message of despair. No, the highest wisdom is not, in
sackcloth and ashes, to endure existence and ourselves.
The highest wisdom is, instead of submitting to the will
of God as its penitential victims, to conform to it as its
grateful executives and usufructuaries, appreciating all
the goods of life in the just gradation of their values. In-
stead of saying with Bossuet, "At the bottom of every-
thing we find a blank, a nothingness," a healthy religious
faith finds, at the top of everything, the bottom of some-
thing better. The misery of Eugenie lay in her ungrati-


fied natural affections, whose disappointments held the
germs of death against which she had not sufficient
vitality to struggle into serene victory. Lack of life is the
ground-tone of her grievous music, which would sweetly
seduce the weak to death, but loudly warns the wise to a
better way. Her betraying pen writes, " My soul lives in
a coffin." Again, " I find myself alone, but half-alive,
as though I had only half a soul." And finally, with the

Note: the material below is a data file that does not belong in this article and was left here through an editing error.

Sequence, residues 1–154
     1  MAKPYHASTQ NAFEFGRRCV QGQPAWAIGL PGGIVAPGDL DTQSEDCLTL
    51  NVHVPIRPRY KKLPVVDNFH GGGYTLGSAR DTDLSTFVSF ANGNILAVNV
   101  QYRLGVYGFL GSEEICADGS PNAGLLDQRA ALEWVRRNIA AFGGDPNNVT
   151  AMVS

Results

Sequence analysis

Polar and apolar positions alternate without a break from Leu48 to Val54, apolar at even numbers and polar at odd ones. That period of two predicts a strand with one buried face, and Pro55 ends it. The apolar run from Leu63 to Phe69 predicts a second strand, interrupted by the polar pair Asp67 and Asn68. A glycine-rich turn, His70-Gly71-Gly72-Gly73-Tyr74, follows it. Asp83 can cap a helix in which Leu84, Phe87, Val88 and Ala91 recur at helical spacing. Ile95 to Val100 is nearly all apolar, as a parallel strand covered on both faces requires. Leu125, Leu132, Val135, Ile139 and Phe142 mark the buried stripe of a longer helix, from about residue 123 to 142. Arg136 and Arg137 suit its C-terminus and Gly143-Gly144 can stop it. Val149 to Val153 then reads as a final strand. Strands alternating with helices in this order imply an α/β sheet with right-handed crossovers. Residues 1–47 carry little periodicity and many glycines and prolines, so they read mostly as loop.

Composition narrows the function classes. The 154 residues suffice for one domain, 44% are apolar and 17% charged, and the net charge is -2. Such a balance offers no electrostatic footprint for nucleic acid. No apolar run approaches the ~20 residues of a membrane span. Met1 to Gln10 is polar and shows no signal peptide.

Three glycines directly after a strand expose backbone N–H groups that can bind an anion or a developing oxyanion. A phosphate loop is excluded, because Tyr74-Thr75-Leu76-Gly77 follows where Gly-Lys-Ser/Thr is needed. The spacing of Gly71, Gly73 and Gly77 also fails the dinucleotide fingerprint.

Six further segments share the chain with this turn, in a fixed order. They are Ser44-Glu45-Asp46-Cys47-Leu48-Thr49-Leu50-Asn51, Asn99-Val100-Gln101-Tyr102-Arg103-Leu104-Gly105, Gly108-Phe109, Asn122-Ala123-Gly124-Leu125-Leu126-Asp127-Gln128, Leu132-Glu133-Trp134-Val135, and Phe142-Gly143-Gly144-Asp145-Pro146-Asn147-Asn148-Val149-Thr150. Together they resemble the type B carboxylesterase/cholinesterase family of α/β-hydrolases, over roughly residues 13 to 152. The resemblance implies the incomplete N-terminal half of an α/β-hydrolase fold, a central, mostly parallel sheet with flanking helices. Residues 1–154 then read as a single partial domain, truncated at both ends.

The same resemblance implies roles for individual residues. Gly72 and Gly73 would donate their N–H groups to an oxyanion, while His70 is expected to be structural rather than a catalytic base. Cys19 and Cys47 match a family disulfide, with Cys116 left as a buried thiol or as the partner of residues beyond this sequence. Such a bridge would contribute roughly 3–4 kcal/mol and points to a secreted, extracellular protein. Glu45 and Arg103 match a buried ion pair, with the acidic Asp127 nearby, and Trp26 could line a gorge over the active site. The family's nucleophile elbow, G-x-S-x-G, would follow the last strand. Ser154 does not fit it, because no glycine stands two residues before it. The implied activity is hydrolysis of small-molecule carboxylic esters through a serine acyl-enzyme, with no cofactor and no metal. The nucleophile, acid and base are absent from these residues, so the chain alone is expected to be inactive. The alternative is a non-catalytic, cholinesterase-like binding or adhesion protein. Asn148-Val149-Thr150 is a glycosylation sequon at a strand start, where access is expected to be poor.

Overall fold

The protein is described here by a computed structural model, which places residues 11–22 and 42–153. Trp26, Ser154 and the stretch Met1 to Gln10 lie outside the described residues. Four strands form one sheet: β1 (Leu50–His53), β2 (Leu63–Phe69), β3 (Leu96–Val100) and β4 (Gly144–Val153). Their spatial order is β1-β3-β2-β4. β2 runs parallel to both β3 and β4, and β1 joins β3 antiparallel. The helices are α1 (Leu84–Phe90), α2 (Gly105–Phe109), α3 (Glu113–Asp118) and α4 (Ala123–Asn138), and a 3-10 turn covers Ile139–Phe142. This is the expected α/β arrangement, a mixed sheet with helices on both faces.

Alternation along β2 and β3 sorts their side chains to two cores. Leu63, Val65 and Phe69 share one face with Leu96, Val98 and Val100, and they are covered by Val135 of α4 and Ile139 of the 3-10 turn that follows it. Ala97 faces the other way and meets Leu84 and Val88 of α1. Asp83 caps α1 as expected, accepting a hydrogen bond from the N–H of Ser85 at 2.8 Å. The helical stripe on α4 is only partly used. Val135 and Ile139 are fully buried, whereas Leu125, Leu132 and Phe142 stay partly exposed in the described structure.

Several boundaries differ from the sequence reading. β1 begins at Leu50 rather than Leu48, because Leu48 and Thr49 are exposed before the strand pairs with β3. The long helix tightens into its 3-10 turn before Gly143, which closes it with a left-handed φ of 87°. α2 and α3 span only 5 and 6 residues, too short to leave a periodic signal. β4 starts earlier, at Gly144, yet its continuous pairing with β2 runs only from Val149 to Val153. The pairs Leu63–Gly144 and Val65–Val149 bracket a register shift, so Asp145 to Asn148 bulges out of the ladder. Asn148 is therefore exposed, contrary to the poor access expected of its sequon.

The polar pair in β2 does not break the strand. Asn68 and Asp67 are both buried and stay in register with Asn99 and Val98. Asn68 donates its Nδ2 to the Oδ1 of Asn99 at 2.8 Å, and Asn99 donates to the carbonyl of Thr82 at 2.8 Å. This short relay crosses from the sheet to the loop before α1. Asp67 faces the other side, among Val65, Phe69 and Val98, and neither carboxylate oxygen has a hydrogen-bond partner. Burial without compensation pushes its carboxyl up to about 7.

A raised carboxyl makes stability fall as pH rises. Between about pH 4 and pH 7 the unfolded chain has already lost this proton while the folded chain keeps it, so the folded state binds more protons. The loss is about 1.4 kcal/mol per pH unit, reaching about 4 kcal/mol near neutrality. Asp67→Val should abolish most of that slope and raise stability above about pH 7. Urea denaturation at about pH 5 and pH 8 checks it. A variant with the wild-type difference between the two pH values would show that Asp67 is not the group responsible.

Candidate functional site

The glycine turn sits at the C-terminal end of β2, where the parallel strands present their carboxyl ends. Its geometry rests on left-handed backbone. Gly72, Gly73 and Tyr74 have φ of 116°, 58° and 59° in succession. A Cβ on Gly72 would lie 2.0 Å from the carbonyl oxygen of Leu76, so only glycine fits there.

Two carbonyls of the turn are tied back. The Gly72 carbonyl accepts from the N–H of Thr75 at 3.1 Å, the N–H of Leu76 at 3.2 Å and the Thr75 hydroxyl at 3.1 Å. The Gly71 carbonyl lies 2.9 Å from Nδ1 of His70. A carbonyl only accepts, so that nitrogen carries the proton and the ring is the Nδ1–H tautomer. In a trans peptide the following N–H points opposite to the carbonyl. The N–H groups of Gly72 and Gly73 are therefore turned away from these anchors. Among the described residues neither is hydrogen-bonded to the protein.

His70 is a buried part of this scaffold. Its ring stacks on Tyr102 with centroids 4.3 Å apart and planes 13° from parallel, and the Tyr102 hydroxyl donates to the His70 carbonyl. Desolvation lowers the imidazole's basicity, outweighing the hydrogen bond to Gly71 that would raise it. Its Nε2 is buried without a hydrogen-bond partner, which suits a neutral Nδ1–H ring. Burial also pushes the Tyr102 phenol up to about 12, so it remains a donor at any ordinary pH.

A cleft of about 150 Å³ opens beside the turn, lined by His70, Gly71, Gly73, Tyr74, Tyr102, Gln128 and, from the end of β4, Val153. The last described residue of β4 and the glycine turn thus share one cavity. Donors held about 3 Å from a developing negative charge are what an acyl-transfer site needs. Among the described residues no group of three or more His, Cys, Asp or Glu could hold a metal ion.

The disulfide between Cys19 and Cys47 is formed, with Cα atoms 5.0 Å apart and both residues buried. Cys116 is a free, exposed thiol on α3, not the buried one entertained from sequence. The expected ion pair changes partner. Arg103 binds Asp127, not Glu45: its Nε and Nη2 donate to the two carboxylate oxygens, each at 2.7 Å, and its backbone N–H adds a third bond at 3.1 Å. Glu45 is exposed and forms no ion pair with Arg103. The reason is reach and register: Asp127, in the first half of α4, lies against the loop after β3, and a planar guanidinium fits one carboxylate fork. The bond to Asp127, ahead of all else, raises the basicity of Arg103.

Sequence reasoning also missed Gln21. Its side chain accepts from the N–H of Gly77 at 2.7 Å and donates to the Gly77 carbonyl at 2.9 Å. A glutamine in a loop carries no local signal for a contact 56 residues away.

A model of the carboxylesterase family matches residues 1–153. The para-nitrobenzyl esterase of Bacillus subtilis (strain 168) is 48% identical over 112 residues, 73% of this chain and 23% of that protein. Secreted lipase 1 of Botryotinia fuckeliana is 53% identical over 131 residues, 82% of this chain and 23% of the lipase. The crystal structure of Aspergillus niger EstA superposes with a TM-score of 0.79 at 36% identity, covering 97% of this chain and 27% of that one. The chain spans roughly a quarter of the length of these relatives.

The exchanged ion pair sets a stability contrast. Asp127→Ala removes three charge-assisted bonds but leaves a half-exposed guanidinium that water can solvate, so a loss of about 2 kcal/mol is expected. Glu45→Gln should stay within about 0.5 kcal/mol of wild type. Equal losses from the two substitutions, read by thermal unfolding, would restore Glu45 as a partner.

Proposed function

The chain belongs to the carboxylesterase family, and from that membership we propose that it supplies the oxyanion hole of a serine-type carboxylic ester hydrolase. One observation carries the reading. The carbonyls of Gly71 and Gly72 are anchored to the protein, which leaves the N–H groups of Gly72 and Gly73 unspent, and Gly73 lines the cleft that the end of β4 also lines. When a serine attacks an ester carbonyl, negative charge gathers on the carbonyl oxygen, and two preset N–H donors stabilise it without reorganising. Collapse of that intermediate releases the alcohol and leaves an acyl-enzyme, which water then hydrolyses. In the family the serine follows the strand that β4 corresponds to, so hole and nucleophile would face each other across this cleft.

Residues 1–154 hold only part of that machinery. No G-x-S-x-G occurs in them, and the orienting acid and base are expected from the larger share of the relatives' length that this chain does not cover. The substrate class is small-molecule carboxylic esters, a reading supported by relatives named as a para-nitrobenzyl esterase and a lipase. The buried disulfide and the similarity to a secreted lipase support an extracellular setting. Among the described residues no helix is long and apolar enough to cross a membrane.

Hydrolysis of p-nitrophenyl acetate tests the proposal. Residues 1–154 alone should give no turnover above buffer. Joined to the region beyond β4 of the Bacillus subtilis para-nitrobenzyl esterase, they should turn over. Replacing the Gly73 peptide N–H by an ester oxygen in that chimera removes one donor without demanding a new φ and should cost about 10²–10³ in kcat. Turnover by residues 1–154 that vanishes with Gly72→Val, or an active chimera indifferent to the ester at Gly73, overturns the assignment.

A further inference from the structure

anguished heroism of a total renunciation, so willing to
perish as to be unwilling to leave a trace behind : " I am
dying of a slow moral agony. Go, poor little book, into
forgetfulness, with all the other things which vanish
away ! " Such an utterance proves the irritable feeble-
ness of the centres of life to be so great that it is painful
for them to re-act even upon the idea of posthumous
remembrance. The fondled thought of extinction and
oblivion is soothing then. Through its inner wounds, one
may almost say, the very soul itself slowly bleeds to

There is a bird, the arawonda, that lives in the lone-
liest glens and the thickest woods of Brazil. Its notes
are singularly like the distant and solemn tolling of a
church-bell, as they boom on the still air, and plaintively
die away. Sitting on the tops of the highest trees, in the